Tuesday, July 11, 2017

My breasts are TOO big! (photos)

Editors, Wisdom Quarterly; The Daily Telegraph, Australia (7/3/17); EmRata (Instagram/SI)

This is no laughing matter nor anything to gawk at. What if your boobs were big? Can you imagine being famous, beautiful, and gawked at? We didn't think so.

As the Buddha taught, even when you get everything you want and ever wished for, there's still suffering (disappointment, dissatisfaction, radical lack of fulfillment).

‘My boobs are too big’: Emily Ratajkowski’s reason she can’t get work
Are they too big?
BUSTY model and actor [future stand-alone brand]  Emily Ratajkowski wants to get something off her chest.
The 26-year-old, who rose to fame with a starring role in Robin Thicke’s 2013 hit "Blurred Lines," told an Australian magazine this week that she’s isn’t scoring as much work as she’d like to because of the size of her breasts.

Emily Ratajkowski wants to get more work, but she says people don’t like her “big boobs.”
Ratjkowski (emrata/instagram)
“There’s this thing that happens to me: ‘Oh, she’s too sexy,’” she told Harper’s Bazaar Australia.

“It’s like an anti-woman thing, people don’t want to work with me because my boobs are too big.

“What’s wrong with boobs? They’re a beautiful, feminine thing that needs to be celebrated. Like, who cares?” she continued. More + VIDEO 
But I should be happy
Dhr. Seven, Amber Larson, Crystal Quintero, Wisdom Quarterly (COMMENTARY)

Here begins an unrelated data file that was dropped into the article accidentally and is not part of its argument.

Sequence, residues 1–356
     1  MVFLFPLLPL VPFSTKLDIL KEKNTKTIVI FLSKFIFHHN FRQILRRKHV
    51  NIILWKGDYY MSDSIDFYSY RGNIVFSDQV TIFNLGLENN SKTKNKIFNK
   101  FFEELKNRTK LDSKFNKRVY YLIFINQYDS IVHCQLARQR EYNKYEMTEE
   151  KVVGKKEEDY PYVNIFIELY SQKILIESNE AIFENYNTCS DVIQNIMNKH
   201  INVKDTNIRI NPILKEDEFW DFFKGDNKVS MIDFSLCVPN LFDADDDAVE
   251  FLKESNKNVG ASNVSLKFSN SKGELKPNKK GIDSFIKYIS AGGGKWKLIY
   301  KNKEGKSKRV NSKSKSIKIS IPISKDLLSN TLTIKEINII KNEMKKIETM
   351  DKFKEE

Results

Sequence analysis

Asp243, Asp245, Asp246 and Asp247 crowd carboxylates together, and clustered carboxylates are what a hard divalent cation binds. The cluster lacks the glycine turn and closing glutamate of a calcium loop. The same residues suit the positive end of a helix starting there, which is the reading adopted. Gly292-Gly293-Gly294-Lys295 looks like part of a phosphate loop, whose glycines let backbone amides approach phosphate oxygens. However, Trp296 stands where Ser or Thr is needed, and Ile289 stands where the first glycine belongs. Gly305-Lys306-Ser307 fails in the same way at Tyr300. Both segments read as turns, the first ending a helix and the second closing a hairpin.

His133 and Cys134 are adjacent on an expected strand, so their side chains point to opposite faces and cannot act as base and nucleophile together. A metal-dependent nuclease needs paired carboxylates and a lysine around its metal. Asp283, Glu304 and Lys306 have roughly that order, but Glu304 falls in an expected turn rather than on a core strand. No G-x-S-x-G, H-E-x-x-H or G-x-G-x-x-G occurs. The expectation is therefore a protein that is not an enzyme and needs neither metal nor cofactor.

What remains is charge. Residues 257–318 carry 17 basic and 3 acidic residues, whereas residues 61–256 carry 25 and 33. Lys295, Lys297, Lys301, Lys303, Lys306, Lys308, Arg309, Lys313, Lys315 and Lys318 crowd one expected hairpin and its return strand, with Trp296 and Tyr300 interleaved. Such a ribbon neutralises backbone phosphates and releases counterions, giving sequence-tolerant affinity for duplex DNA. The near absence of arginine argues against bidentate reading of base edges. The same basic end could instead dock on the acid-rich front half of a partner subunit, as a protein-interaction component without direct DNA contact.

There is a worldwide boob industry worth billions in annual sales for everything from beer to bras, bikinis to cars, self-esteem to plastic surgery, magazines, ad nauseum (si.com).

Dukkha is a terrible thing, so terrible it sent the young, handsome Prince Siddhartha out of Central Asia into India to "find himself," to discover an "end to suffering. The solution to the problem of suffering can only be understood and appreciated by understanding how serious and deep the problem is. That is exactly what we will not ordinarily do.

But when suffering gets so bad, it is possible that we might actually listen and open internally to what we fear. The Buddha gave the problem and solution in the form of an ancient Indian physician, according to the ancient medical model of the day:
  1. There is a problem: diagnosis
  2. There is a cause: etiology
  3. There is (or is not) a solution: prognosis
  4. There is a course of treatment: prescription
Ahh, nirvana transcends it all!
The problem is disappointment, the inability to be fulfilled by anything. There is a cause, craving (supported by delusion and aversion). There is a solution to this peculiar disease (nirvana, the end of all suffering, rebirth, and craving or the beginning of all peace, ease, and fulfillment). There is a course of treatment, a prescribed set of eight factors (known as the ennobling or enlightening Eightfold Path). You have just learned a deeper meaning of The Four Noble Truths.

How to be happy
How can I be happy and satisfied?
So the practical upshot of this is, If Emily Ratajkowski (pronounced radi-cow-ski) is not happy -- with all of her fame, riches, youth, beauty, and influence -- how are we going to be? Well, there is a way, a Middle Way. Emily will lose all five. They are already dwindling away. We will lose them. So what can we keep? Enlightenment is permanent.

Nirvana is the supreme realization
Inquire within.
Nirvana -- being neither a place, "thing," nor nothingness -- is unending. It is called the Unconditioned Element because, unlike all of the conditioned (composite) things we are familiar with, it alone is different. At one time the Buddha (then only a Bodhisattva) asked, If I [all the transitory things that  are clung to as "self"] am impermanent, unsatisfactory, and impersonal, why do I chase after things that are also impermanent, unsatisfactory, and impersonal? It would be better to go after something higher, something lasting, something liberating. He found it when he became enlightened and thereby came to be called the "Awakened One."

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